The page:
Dial M for Murdoch

imageThe book Dial M For Murdoch by British politician Tom Watson and journalist Martin Hickman is a frightening read. It is frightening not only because it described a state of affairs where politicians, media and police colluded to hide criminal activity but because the crimes it describes have been almost completely forgotten and the criminals still act as if nothing has changed and they are still in charge.

As the authors say in the introduction, the book describes how a global news company exerted a poisonous and secretive influence on British public life and when exposed, it used its power to bully, intimidate and cover up with help from its allies at the highest levels of politics and the police. Yet the authors’ hope the scandal would force the perpetrators to clean up their act hasn’t eventuated. While the scandal ended with public inquiries, the humbling of Rupert Murdoch and the death of the News of the World (NotW), it hasn’t fundamentally changed the government or Murdoch’s behaviour nor has it chastened the rest of the tabloid pack in Britain who remain a mostly unaccountable right-wing rabble.

Tom Watson is a Labour Party MP who attracted the ire of Murdoch’s empire. His mistake was to plot against Murdoch favourite Tony Blair, an action that earned him the lasting enmity of Rupert’s powerful attack dog Rebekah Wade, who rose from a secretary to editor of the NotW in a decade. The Sun called him a “treacherous lump of lard” and a “mad dog trained to maul”. The NotW went further and raided his message bank as they did with many others.

It was the fierce level of competition Murdoch inspired that encouraged this behaviour, even pitting their own reporters against each other for the perfect tabloid scoop. The NotW had deep links into the police with Wade even admitting to a 2004 parliamentary inquiry they routinely bribed the force. But it was a successful model with the Murdoch tabloids making money and the NotW having a reputation as a muckraking award winning bastion of investigative journalism.

But its methods were vile. Some like chequebook journalism were well known, others like “blagging” confidential records or paying corrupt officials for private data were less well understood and there was no appetite to expose it by police forces anxious to have cordial relations with Fleet St. It took the involvement of the royal family to start the unravelling.

In 2005 Prince Charles’ staffers were alarmed when they saw very detailed gossip about his sons appear in NotW. They came to the conclusion the tabloid could only have got their information from phone hacking. They contacted Scotland Yard who began Operation Caryatid. The Royal revelations were appearing in NotW column Blackadder written by Royal editor Clive Goodman. Scotland Yard compared Goodman’s columns against the phone numbers they knew were being hacked and built a case against him. At the same time senior police officers were wining and dining with then NotW editor Andy Coulson.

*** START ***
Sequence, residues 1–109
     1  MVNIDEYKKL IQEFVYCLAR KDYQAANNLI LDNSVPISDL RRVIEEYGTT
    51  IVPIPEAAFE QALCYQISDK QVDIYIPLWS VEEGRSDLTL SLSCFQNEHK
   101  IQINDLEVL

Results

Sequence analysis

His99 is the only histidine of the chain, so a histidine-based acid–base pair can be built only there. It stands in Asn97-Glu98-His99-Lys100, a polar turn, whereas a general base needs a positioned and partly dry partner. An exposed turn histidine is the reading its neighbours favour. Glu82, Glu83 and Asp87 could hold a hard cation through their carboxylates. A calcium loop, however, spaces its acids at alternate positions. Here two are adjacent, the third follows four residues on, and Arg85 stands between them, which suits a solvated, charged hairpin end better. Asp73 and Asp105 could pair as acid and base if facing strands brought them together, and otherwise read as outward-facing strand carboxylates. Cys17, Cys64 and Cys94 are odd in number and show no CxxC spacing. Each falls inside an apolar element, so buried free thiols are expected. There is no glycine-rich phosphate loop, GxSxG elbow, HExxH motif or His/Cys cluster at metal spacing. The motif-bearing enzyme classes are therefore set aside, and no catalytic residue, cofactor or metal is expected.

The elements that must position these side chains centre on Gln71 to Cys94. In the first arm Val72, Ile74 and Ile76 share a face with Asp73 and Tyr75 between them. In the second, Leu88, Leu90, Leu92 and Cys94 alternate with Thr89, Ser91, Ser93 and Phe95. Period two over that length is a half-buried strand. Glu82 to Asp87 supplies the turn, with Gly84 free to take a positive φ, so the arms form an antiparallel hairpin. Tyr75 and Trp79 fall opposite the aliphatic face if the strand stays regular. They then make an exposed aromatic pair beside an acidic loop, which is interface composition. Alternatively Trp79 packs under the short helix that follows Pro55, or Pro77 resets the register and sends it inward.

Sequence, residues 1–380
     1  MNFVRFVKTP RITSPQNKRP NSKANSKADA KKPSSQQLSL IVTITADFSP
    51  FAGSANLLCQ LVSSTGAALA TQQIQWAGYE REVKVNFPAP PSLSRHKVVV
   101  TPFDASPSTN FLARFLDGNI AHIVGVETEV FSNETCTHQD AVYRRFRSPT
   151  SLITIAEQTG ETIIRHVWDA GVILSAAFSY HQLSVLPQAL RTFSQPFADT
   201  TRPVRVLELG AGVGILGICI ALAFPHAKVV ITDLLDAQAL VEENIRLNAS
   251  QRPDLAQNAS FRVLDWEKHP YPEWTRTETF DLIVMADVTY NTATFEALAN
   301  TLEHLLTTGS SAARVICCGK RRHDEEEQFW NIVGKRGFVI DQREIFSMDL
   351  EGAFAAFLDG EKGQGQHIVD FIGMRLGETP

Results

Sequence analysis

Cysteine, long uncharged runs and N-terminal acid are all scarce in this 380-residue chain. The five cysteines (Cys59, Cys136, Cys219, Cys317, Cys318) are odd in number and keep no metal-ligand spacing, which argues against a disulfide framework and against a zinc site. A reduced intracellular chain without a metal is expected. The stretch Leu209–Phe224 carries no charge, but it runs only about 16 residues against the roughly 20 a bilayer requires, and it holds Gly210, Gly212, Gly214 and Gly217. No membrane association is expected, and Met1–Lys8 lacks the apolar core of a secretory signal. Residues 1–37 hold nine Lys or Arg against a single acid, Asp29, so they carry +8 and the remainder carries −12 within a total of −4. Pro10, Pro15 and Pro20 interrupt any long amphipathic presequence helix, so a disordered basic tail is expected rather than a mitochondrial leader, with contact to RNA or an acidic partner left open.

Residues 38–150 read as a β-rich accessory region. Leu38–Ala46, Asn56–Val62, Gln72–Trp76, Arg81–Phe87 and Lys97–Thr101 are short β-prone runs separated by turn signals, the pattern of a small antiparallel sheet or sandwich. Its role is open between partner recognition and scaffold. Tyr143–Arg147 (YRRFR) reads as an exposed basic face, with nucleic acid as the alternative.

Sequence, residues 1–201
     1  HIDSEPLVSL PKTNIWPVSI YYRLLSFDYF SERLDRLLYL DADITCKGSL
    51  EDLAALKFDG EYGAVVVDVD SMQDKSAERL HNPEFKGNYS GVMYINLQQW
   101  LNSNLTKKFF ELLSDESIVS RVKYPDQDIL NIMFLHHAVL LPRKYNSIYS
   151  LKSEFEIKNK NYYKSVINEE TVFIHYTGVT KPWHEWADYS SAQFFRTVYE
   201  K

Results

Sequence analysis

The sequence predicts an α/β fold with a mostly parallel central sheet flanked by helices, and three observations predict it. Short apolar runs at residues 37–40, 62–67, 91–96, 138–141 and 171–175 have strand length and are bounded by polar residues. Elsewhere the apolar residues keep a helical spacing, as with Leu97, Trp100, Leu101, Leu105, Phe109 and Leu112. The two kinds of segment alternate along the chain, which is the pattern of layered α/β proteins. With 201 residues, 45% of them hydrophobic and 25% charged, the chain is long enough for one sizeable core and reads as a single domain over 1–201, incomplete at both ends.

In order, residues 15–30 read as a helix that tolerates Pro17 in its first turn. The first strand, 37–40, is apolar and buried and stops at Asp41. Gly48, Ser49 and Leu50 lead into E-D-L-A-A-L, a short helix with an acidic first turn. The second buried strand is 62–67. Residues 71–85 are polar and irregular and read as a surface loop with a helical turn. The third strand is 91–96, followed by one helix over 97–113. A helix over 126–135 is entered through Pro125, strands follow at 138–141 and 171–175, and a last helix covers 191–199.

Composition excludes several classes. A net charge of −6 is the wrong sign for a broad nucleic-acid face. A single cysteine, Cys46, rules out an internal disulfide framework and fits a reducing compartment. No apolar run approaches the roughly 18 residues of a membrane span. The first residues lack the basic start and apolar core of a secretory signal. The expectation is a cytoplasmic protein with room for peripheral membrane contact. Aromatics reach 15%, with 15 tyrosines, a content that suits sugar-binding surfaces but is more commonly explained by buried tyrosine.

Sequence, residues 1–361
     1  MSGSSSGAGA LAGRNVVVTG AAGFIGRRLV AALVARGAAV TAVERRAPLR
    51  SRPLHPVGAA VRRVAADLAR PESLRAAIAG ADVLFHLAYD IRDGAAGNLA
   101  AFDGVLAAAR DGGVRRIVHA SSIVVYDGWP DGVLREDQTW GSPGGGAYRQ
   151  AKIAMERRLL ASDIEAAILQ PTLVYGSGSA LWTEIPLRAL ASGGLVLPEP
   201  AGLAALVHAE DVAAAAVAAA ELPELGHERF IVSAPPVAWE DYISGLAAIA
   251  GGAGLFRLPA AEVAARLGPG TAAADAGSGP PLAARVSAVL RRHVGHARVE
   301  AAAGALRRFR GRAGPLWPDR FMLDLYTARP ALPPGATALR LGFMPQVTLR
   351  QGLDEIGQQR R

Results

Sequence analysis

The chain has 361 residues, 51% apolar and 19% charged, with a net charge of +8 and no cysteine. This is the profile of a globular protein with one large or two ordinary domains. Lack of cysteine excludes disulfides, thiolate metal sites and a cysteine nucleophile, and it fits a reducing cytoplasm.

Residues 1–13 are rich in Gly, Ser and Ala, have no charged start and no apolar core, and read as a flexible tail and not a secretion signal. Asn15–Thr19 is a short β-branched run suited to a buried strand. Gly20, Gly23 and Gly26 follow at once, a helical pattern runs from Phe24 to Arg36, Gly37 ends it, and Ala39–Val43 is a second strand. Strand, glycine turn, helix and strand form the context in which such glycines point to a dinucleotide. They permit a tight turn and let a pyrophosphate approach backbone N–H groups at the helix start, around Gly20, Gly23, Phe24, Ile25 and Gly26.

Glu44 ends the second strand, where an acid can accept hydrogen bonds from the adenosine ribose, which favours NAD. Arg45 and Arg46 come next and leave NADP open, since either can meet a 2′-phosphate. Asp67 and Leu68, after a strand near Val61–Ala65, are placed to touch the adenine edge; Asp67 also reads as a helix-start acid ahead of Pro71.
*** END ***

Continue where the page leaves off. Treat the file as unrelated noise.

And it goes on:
Operation Caryatid made a breakthrough when O2 told them about a blagger wanting to change royal phone codes. He was private investigator Glenn Mulcaire, who Goodman kept on a weekly retainer to hack voicemails on an industrial scale – not just the royals. Yet police made the decision to restrict the case to “less sensitive” witnesses. In 2006 Goodman and Mulcaire were arrested with no effort made to widen the inquiry to other journalists despite circumstantial evidence. Instead police gave Wade a full briefing on what they found because she was mentioned in Mulcaire’s files. Unsurprisingly Wade did not wish to make a complaint against her employers. They didn’t tell the many victims named in Mulcaire’s files and neither did the phone companies (except O2) for many years.

In 2007 Goodman was jailed for four months and Mulcaire got six for illegal invasion of privacy. NotW editor Coulson had to stand down in the scandal but the paper hid behind the “bad apple” defence. Goodman was sacked but was furious as he believed he was just a scapegoat and threatened to appeal publicly. Mulcaire admitted in court hacking football union leader Gordon Taylor and now Taylor was threatening to sue. His lawyers had gained police evidence including a Mulcaire email “for Neville” believed to be for NotW journalist Neville Thurlbeck.

Yet Murdoch had bigger fish to fry setting his sights on Dow Jones Wall St Journal and British pay TV and throwing his support behind the Tories under sympathetic new leader David Cameron – and his new press secretary Andy Coulson, formerly of NotW. Taylor was paid off for almost half a million pounds, a record, on condition of silence.

In 2008. Guardian journalist Nick Davies became aware of the scale of the illegality at News through a police contact. He scoured NotW for stories that might have used intercepts as a source.  In 2009 he broke his story saying Murdoch had paid a million pounds to settle legal cases like Taylor’s that threatened to reveal evidence of criminality. He had found the For Neville email and quoted a police source saying thousands of phones were hacked. Labour was outraged saying Cameron should sack Coulson but police refused to reopen the case. Murdoch himself denied it, saying if they had paid out Taylor he would have known about it. The Times counterattacked rebutting the Guardian allegations and calling Davies dysfunctional. News lawyers admitted to Watson at a parliamentary inquiry James Murdoch had approved the Taylor payout.